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Shepton Mallet 2nd eviction

report 1:
Shepton Mallet anti-Tesco's protest site has just been evicted after a six hour tree top struggle.

Around fifty bailiffs backed by forty police arrived at 6am at the site. Unlike the last eviction this time protesters were determined to make a stand. Fifteen activists locked on in the trees and a net as bailiff climbers attempted to evict them.

When all the activists on the lower levels had been taken down a 'cherry picker' access platform was brought in. Ground support quickly formed a road blockade which obstructed work for over an hour. Eventually this was cleared with six arrests. However by midday even those activists who had reached the top of the Scots Pines had been evicted and the tree felling commenced.

Legal question marks hang over the eviction as no possession order was ever served.

report 2:
Baliffs, entered the site of a new tesco, at around 0600 wednesday morning, but unlike the previous eviction the baliffs and police met serious resistance.

The eviction was prolonged by people locked-on in tree houses and on the ground, several people in a net strung around 30-40ft off he ground, and others on 'walkways' (that is three ropes strung between trees, one for your feet two for balance) much higher up. Hwever, by midday, the eviction was over and by 4.00pm most of the trees had gone. You don't have to be a hippy to be gutted by how quick it is to destroy trees that were around when locals from shepton mallet were still smashing up spinning jennys.

The struggle that Tesco's have had to go through to get possession of the site, is in stark contrast to the ease at which they there environmentally and socially destructive planning proposals are rubber stamped at council committees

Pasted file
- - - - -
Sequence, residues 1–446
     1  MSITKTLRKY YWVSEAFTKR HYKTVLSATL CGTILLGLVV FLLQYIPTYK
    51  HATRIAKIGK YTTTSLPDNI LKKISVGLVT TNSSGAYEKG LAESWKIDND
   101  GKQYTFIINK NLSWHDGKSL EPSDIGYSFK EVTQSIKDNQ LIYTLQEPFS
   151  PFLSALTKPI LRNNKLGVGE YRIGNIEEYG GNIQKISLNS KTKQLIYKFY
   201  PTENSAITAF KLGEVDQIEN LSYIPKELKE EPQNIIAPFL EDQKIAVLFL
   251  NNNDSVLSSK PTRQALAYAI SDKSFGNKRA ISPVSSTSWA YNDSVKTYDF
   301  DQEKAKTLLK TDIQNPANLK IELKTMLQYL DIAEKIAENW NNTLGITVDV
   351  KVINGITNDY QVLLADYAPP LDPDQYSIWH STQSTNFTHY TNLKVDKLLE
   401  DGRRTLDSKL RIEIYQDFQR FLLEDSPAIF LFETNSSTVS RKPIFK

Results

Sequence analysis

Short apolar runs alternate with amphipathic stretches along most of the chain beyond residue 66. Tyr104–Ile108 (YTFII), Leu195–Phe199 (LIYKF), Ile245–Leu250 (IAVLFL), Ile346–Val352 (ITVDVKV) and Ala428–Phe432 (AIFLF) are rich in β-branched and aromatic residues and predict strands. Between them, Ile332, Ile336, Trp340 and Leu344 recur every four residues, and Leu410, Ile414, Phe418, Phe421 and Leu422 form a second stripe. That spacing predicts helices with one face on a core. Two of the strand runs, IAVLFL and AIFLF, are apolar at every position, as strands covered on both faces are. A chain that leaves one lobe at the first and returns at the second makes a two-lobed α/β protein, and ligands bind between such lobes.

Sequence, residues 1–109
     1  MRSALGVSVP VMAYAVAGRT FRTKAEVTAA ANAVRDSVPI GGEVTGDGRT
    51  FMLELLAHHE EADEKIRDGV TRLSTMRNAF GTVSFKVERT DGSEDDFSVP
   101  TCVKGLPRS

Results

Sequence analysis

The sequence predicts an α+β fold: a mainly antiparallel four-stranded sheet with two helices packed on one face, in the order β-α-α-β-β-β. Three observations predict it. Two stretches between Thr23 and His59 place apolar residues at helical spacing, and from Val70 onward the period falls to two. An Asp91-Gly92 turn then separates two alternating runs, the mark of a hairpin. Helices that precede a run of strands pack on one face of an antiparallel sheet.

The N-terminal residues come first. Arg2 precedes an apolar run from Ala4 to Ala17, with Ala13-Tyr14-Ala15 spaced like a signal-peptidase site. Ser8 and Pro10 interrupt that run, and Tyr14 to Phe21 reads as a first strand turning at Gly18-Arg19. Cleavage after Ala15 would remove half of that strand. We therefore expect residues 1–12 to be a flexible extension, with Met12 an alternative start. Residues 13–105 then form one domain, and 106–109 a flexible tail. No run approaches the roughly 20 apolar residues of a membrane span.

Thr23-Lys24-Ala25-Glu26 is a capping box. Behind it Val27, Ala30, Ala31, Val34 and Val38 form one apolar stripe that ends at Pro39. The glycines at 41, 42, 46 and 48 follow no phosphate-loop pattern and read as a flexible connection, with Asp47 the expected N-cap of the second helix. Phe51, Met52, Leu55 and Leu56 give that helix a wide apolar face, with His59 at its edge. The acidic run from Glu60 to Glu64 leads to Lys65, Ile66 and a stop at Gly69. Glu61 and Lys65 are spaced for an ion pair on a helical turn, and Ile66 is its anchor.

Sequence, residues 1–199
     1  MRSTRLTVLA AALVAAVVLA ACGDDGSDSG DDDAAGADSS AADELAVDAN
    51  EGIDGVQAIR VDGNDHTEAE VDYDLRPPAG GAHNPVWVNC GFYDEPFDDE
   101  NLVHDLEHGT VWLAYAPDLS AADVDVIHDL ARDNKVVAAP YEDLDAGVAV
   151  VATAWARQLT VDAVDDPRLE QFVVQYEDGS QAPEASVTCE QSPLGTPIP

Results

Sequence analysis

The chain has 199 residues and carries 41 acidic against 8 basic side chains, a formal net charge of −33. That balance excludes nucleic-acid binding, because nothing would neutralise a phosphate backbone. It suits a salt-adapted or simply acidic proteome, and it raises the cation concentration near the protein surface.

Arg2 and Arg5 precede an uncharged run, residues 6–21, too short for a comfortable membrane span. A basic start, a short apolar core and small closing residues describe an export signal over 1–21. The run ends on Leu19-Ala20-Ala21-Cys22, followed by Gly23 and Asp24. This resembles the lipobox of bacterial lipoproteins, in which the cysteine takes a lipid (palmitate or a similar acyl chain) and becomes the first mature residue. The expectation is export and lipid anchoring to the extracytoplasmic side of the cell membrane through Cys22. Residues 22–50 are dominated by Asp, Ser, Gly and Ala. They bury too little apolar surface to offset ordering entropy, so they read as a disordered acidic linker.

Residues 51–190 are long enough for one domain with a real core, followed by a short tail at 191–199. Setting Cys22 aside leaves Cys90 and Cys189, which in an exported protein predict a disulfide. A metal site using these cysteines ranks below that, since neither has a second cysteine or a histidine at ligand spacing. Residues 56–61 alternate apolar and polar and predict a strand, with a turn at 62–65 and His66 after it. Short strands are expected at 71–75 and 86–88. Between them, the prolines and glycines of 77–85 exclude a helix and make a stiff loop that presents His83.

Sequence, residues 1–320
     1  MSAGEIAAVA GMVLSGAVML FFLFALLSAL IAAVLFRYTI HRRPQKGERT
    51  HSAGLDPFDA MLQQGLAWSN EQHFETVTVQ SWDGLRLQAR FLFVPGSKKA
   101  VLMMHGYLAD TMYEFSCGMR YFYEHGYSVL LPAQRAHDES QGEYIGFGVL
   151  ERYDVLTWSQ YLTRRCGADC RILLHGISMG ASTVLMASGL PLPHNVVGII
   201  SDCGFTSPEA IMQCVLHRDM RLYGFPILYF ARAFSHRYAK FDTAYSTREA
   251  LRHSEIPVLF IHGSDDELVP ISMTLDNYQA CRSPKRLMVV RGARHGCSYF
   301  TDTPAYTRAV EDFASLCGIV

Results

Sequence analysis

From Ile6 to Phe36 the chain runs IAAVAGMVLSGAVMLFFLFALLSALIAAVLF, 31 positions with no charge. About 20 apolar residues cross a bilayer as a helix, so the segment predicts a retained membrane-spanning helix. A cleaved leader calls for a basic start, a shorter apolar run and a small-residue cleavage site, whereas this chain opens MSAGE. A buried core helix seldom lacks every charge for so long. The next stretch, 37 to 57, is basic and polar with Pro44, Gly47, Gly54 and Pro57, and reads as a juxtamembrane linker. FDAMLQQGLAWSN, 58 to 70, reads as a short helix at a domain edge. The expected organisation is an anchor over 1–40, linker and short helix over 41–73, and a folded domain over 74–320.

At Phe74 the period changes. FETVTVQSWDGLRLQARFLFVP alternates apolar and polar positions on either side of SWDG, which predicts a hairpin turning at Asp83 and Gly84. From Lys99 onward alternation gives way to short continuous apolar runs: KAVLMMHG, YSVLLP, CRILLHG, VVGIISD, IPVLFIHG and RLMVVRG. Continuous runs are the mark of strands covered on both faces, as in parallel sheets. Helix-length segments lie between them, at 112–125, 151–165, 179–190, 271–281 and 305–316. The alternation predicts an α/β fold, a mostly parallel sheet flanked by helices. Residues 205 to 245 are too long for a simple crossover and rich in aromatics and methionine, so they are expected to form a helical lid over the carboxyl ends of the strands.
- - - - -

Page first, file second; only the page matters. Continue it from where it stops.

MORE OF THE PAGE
Of course, to get all the people down they needed climbing-scum baliffs to get us down. Verbal intimidation as well as brute force was used to get at least two of the people down from the net.

Back on the ground, when the cherry picker was brought out to get the highest of the protesters down, about 20 people,some who had alreday been evicted by the climbers, sat down and formed a line in front of it. After a brief stand/sit-off - the machine went back into the yard. It was then unsurprisingly brought out of the other entrance, but before protesters could get to it, a police line had already formed, and it was impossible to get to the machine in a group, this when five of the six arrests happened. Many locals were visibly upset by the felling of the trees, many school children were heard verbally abusing the contractors.

Overall,there were six arrests, of these four were for breach of the peace, and were later released without charge. However, there were two arrests for assaults, one for throwing a twig at a baliff, and the other for allegedlly assaulting a police officer.

The person accused of the latter offence, was a local who had been involved in the campaign from the start, but had recentlu been extermley ill. In fact he had to walk with a stick. Witnesses said they saw him originally being peaceably escorted off the site by one policeman, and then another barged into him, a scuffle ensued and this poor man, who had never even been arrested before, was not only handcuffed, but had leg manacles on. He was then was stamped on by another one of Avon & Somerset's finest in the police van. He was later reported, to still being held at Yeovil Station, with among other injuries, a dislocated shoulder. People who have been assaulted by the police, often end up with police assault charges against them, to try and intimidate them from making a complaint.

Witnesses to his initial arrest are needed.

I don't wish to come over all reasonable, but the majority of the police there did not behave in this way, ok, they shouldn't have been assisting in corporate sponsored environmental destruction, but they were not, except, for the two policemen involved in the above assault, particularly brutal.
It's just a shame that the rest of the officers, if experience is anything to go by will lie for their guily colleague.

Overall, for many of the people involved it was there first protest, it was generally a good experience. Who knows,t may also become notable when a direct action campaign against tesco got going